Before Bei Bei He can play her guzheng, she has to put on her picks. Patiently, the 32-year-old Hacienda Heights resident attaches all eight of them to her fingertips, using cloth medical tape. Each pick is tortoiseshell and quite expensive.

“One time I lost one and my mom was so angry,” she says, recalling when she first began studying guzheng in her native Szechuan province in China. “She made me look a long time to find that pick.”

The guzheng is a type of zither, a stringed instrument with a movable bridge that allows the player to pluck out notes with one hand and bend the strings with the other, creating vibrato and other effects. It's widely used in traditional and classical Chinese music but rarely heard in Western music.

Bei Bei — professionally she goes by her first name only — hopes to change that. “I definitely believe the instrument has a lot of potential outside of its classical settings.”

Bei Bei plays and teaches the guzheng, a Chinese zither.; Credit: Photo by Ryan Orange

Bei Bei plays and teaches the guzheng, a Chinese zither.; Credit: Photo by Ryan Orange

Watching her play an original composition called “Tiger's Heart,” written in collaboration with hip-hop/R&B producer John “Fingazz” Stary, is enough to make anyone a believer. Even without the song's original hip-hop backing track, her performance is full of swagger and drama. She strikes the strings to create a percussive effect, then finishes with an almost athletic flourish, sweeping her fingers up and down the strings in a shower of notes.

In China, Bei Bei was a child prodigy, sent off to a music conservatory in Beijing to study guzheng at the age of 12. But by her early twenties, she had given up the instrument.

“I was really good at playing but I had a problem with performing onstage,” she says. “I would get nervous and be really distracted, and I would not be able to play correctly.” After failing at a conservatory competition in 2002, she decided to quit. “That competition really crushed my confidence.”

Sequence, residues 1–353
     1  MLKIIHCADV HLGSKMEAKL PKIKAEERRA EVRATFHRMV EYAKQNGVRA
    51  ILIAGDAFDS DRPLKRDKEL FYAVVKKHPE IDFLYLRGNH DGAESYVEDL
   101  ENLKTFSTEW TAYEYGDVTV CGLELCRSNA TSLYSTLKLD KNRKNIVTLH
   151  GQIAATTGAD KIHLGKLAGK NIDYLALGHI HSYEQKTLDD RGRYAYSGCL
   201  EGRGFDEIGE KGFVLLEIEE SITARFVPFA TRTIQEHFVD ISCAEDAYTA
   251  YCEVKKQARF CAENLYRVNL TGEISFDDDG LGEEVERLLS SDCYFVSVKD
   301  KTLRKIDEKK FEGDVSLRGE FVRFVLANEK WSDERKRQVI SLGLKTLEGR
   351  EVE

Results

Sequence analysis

Instead, Bei Bei decided to study sound design and engineering, moving by herself to the San Gabriel Valley to attend Azusa Pacific University. “But I did bring my guzheng … just in case.”

Her boyfriend — now her husband and manager, Marcus De La Cruz — encouraged her to play again. Busking outside the Barnes & Noble in Old Town Pasadena helped her rediscover her confidence. “Playing on the street, there's so many people looking at you, you have to have a really thick skin.”

Soon she was getting job offers from her street performances and her MySpace page, including accompanying a Chinese opera company in Orange County, recording a jazz/funk fusion album with London-based producer Shawn Lee and even playing on the soundtrack of Battlestar Galactica.

Bei Bei began teaching the guzheng, and in 2011 opened Hacienda Music in a retail space. Most of her roughly 45 students are Chinese or Vietnamese, but they are increasingly non-Asian. And she's beginning to see more professional musicians — pianists, guitarist, singer-songwriters — of all races. Which is exactly what she was hoping for.

“I'm really glad to see” such diversity in her students, she says, “because that will bring the guzheng more to the mainstream. People can see the possibilities.”

[Correction: The print version of this article describes Bei Bei as giving up the guzheng in her late teens. She was actually in her early twenties at the time.]

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